When the Supreme Court's Vista of the Law is Clouded By Great Expectations

In a recent hearing in the Central Vista case, the court suggested that its decision not to grant a stay on construction was based on expectations rather than the law.

Often referred to as the most powerful court in the world, the Supreme Court of India sometimes acts in mysterious ways. The most recent instance was on December 7, 2020, during a hearing in Rajeev Suri vs Union of India & others. The case pertained to the ‘Redevelopment of the Central Vista’.

This case has been going on since March 2020 and several hearings have been held. The order after the last hearing on November 5, 2020, said, “Heard counsel for the parties at length. Hearing concluded. Judgment reserved. Parties are free to file additional written notes by 16th November,2020.”

One month after that hearing, on December 5, the speaker of the Lok Sabha announced that the prime minister will lay the foundation stone of the new parliament building on December 10. This announcement seems to have irked the Supreme Court, and it called for a suo motu hearing “in view of certain developments”.

Though the order issued after the December 7 hearing merely records that “the solicitor general stated that there will be no construction activity of any nature on the concerned site(s) nor demolition of any structure will be done, including the further trans-location of tree(s) will be kept in abeyance, until the pronouncement of judgment in all these cases”, several reports in the media captured the curious exchanges which took place during the hearing. Some of the statements made by the bench during the hearing, as quoted in the media, are given below:

We never thought you will go ahead so aggressively with construction. The fact that there is no stay does not mean you can go ahead with everything.”

We have shown deference to you and expected that you will act in a prudent manner. The same deference should be shown to the court and there should be no demolition or construction.”

“We thought we are dealing with a prudent litigant and deference will be shown. Just because there is no stay it does not mean that you can go ahead with everything,” a visibly upset Justice A.M. Khanwilkar told solicitor general Tushar Mehta.

Just because there is no stay that does not mean you can start construction. We did not pass any clear stay order because we thought you are a prudent litigant, and you will show deference to the court. The news items in the public domain show you are starting construction.”

Each of these statements creates confusion about the working of the court. For example, what exactly do the justices mean when they say, “We never thought you will go ahead so aggressively with construction”? Do benches in the apex court make decisions based on what they ‘think’ the litigants will do? The confusion becomes compounded when this is combined with the next statement: “The fact that there is no stay does not mean you can go ahead with everything.” It is not possible to figure out what else can ‘no stay’ mean other than that there is nothing preventing one from doing whatever one wants.

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It is true that courts, following the doctrine of ‘presumption of constitutionality of the law’, generally avoid granting a stay against the government. However, this is not a case of a law or legislation but an executive action, so strictly speaking the doctrine of ‘presumption of constitutionality of the law’ should not apply in this case. Moreover, the petitioner – who had apprehensions of speedy government activity creating ‘facts on the ground’ which would be hard to reverse later – had specifically requested a stay. Therefore, the ‘expectation’ of the court that the Union of India would not do anything, even when there was no stay, was quite unrealistic.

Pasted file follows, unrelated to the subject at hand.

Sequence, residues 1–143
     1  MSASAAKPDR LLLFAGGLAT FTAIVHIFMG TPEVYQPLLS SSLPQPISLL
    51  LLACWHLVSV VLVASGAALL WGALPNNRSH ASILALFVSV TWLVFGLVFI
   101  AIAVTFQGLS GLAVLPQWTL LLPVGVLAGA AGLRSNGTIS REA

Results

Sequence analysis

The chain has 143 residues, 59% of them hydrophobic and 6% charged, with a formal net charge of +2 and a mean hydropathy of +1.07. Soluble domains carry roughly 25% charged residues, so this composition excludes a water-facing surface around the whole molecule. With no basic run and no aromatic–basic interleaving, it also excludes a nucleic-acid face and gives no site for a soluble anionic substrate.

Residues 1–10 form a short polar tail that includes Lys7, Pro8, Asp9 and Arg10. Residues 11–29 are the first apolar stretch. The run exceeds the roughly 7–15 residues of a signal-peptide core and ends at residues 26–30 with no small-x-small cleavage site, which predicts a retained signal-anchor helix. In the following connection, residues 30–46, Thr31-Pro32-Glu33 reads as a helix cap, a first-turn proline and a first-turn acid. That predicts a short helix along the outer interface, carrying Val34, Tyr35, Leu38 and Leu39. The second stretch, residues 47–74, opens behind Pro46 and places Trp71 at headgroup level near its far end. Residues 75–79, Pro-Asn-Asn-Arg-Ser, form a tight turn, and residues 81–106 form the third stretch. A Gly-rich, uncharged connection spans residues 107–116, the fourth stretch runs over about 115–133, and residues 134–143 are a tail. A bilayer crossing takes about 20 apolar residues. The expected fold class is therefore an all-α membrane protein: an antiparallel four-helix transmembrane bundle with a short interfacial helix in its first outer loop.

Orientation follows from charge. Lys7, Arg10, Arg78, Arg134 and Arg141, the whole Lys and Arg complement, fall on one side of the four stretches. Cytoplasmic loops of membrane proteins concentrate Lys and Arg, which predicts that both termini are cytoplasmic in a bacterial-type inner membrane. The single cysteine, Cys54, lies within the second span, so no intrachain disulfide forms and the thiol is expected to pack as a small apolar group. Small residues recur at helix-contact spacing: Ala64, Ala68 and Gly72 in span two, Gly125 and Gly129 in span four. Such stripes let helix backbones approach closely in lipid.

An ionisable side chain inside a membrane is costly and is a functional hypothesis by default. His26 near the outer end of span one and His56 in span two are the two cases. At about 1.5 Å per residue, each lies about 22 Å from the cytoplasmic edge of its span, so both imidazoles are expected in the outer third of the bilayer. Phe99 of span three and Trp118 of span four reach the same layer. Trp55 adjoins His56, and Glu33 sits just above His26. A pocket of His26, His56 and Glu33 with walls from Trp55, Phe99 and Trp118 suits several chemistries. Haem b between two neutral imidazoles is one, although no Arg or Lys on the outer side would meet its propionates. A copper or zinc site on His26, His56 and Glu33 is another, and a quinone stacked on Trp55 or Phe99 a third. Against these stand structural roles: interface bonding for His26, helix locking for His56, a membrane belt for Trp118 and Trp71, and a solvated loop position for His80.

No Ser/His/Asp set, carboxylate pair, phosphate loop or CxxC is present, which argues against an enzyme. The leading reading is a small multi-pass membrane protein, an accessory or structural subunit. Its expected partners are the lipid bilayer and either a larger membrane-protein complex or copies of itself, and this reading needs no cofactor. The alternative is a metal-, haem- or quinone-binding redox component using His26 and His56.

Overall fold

The other statements quoted above suggest the court expected ‘deference’ from the government for the deference it had shown.  The important questions that this raises are:

  • Should the apex court be deferential to any litigant? Though the ‘executive’ is one of the three ‘pillars’ or ‘organs’ of the ‘state’, should the court treat it differently from what might be called an ‘ordinary’ citizen-litigator? The answer is contained in Article 14 of the constitution, the right to equality, which says, “The State shall not deny to any person equality before the law or the equal protection of the laws within the territory of India.”
  • It is understandable that the court should expect those appearing before it to be deferential, but is it appropriate for the court to expect deference in return for deference?
  • Is it appropriate for the court to classify litigants as ‘prudent’ or otherwise, and seemingly, by its own admission, deal with them differently? Where is the right to equality in that?
  • Is the court justified in having different expectations from different types of litigants, such as prudent and non-prudent?

The key issue that might hold a clue to the court’s behaviour seems to be ‘expectations’:

  • It expects the government to be a prudent litigant.
  • It expects deference in return of deference.
  • It expects the litigant (the government) to somehow figure out that even though the court has not granted a stay, it actually does not want it to disturb the status quo.

With all due respect and deference to the Supreme Court, one wonders if the court should work on the basis of its expectations, or on the basis of the facts and circumstances of the case before it, and the law in force.

Jagdeep S. Chhokar is a former professor, dean and director in-charge of the Indian Institute of Management, Ahmedabad (IIM-A). Views are personal.